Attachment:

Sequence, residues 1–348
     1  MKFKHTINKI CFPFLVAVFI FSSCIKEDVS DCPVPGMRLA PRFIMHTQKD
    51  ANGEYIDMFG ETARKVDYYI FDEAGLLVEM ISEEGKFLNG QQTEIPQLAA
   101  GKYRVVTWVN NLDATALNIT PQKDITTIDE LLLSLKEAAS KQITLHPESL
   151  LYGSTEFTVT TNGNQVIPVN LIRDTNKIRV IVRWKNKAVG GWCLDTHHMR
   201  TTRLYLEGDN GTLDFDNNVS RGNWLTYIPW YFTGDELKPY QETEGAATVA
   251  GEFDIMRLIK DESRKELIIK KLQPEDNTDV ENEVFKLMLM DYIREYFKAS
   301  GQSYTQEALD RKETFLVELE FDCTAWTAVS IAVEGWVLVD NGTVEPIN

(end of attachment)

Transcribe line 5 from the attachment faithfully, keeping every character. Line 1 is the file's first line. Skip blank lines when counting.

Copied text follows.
   151  LYGSTEFTVT TNGNQVIPVN LIRDTNKIRV IVRWKNKAVG GWCLDTHHMR